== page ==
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From the Strokes to CRX - By will-reisman - November 30, 2016 - SF Weekly
SF Weekly

From the Strokes to CRX

CRX (Credit: Amanda de Cadenet)

No one can blame Nick Valensi for wanting to take a break.

A member of the Strokes and the guy behind some of the most distinct guitar licks of the past two decades, Valensi can be forgiven for wanting to chill out between albums and take a break from music, aside from a few huge festival appearances (like Outside Lands in 2010).

And for many years, that’s  what Valensi did. His more famous bandmates produced solo efforts or created side projects between Strokes albums, while Valensi did pretty much nothing. But as the breaks between records got longer and touring more rare, Valensi eventually got the creative itch to strike out on his own, as well.

“At first, I enjoyed the free time,” Valensi says. “When the Strokes started to slow down, I had just moved to Los Angeles and started a family. It was nice to be with my kids. But after a while of seeing my friends come to town and play shows, I’d inevitably start to feel envious, and wish I could do that that same thing. I just got that bug to really play again.”

That “bug” led Valensi to tinker around in the studio and start making music again. He played in front of some of his musician friends, and after making improvements based on their criticisms, decided to take his project — which he dubbed CRX — public.

Because the Strokes lead singer Julian Casablancas took over songwriting duties of the band, Valensi, was a novice when he began CRX. A guitarist and keyboardist, he had never before penned lyrics or sang lead vocals on a track, let alone completely arranged and developed a song from its infancy.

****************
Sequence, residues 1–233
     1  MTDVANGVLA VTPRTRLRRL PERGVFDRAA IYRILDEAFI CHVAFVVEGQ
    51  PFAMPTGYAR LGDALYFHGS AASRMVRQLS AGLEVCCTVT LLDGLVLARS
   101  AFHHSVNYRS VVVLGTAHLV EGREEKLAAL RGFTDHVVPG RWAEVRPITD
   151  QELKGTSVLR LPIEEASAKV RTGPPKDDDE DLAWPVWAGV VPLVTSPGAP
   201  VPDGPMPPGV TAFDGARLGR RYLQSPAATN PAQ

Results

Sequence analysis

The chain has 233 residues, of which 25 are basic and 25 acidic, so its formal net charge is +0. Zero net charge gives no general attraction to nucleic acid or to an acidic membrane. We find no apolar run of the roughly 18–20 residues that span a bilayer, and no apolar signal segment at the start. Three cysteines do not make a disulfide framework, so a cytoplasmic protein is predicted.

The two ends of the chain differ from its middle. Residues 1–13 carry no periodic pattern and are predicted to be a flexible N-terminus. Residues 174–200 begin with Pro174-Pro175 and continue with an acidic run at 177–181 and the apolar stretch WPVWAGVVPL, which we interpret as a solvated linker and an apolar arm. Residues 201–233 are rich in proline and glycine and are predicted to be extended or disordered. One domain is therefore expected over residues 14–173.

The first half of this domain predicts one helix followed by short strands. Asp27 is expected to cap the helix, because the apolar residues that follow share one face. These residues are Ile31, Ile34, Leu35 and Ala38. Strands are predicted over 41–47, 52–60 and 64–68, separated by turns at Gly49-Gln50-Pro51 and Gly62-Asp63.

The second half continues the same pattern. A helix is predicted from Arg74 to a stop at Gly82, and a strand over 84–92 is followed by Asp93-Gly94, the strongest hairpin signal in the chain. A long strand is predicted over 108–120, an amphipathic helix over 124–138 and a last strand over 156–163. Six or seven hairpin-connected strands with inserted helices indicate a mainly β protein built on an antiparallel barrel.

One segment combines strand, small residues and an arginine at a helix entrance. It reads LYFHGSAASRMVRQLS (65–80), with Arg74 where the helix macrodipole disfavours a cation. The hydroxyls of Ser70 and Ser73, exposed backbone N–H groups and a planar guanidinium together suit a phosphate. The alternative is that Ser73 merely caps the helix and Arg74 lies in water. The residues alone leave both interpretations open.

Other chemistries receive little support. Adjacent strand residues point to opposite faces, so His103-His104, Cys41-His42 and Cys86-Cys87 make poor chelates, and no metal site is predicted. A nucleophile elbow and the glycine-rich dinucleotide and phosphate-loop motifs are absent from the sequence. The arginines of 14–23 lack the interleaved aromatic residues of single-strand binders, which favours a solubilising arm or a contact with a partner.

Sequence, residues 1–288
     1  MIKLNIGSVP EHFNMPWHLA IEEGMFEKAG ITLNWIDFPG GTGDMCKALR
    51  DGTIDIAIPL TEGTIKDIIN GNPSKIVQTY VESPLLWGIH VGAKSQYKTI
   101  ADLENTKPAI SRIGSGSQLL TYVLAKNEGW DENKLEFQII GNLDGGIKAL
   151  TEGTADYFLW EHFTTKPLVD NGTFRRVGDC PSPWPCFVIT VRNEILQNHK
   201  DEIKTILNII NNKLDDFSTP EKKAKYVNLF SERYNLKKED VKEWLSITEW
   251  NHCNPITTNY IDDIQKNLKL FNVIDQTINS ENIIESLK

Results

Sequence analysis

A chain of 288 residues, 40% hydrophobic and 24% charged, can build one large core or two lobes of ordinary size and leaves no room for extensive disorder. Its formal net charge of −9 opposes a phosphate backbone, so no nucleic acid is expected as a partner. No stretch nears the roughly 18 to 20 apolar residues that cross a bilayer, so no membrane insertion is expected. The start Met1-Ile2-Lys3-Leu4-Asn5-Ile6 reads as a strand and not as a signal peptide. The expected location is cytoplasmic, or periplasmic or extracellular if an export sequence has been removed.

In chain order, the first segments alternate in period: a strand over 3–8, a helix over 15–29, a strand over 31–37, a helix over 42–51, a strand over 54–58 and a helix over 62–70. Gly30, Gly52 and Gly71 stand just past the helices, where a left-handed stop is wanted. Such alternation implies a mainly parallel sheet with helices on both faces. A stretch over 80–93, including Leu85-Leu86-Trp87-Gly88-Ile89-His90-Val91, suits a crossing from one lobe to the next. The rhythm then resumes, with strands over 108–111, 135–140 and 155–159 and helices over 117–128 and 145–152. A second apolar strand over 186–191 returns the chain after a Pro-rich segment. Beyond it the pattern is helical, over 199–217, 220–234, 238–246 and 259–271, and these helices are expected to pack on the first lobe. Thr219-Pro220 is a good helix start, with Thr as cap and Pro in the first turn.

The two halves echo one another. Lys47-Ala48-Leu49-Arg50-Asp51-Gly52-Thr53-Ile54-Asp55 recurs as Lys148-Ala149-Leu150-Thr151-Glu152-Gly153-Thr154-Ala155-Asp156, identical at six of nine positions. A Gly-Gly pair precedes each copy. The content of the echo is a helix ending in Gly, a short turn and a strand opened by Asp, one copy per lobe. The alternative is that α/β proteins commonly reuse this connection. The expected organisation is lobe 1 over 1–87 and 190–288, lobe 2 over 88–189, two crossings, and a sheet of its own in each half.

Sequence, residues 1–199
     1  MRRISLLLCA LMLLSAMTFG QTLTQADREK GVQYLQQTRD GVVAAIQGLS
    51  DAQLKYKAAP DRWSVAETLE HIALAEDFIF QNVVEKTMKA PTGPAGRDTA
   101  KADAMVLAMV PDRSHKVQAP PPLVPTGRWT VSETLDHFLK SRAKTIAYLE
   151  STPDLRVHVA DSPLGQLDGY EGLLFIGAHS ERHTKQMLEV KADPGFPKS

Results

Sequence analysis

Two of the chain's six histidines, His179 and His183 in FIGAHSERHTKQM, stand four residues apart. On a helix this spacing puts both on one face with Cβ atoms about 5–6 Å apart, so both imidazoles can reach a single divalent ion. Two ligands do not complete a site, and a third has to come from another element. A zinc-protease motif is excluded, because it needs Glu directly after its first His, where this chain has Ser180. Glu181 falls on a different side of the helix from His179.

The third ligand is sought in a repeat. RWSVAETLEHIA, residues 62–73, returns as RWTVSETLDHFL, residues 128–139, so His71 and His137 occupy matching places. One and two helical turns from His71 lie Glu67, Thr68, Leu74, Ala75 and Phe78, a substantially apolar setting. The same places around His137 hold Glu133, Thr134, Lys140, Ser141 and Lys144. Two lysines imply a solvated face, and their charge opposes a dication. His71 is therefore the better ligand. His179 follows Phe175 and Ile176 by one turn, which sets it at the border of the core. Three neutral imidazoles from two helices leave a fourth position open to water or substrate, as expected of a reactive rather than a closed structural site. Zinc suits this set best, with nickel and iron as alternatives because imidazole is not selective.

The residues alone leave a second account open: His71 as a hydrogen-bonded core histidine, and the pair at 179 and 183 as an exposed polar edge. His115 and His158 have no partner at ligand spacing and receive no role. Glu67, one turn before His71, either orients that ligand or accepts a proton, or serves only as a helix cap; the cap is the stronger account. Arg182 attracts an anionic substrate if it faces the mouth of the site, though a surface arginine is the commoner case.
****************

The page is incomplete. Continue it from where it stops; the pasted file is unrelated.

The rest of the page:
“It took me a year to really find my voice,” Valensi says. “I’d never written without the dynamic of a band [or] getting that feedback from other people in the room.”

He sought the advice of Richie Follin, the singer for Guards, a post-punk band from New York — who would later join CRX along with three other musicians — and Josh Homme, the singer for Queens of the Stone Age. They gave him a much-needed boots of confidence and helped him flush out CRX’s debut album, New Skin, which came out in October.

You can hear the influence of his past bands — tunes like “Ways to Fake It” and “Anything” are pure Strokes guitar bliss while “Give It Up” and “On The Edge” have the hardened feel of Queens of the Stone Age.

New Skin hits the sweet spot between the seamless melodies of the Stokes and the more-aggressive  underpinnings of classic rock bands. More than anything, the album owes a debt of gratitude to the Cars, a band that set the template for how to write legitimate rock tunes with unforgettable pop hooks.

“The Cars are just a fun band to listen to,” Valensi says. “I was really trying to harness the essence of that. You get the impression that they had fun making their records, and I want CRX to be that.”

After years of playing in front of enormous crowds with the Strokes, Valensi says he’s excited to perform at smaller venues.

“It’s such a different vibe,” he says, “playing on these massive stages with tens of thousands as opposed to performing in a club with 400 or 500 people. And for too long, I was only able to experience one of those things. CRX really is a way for me to get back to that balance.”

CRX plays with Dead Heavens and Streets of Laredo on Saturday, Dec. 3 at Slim’s. More info here.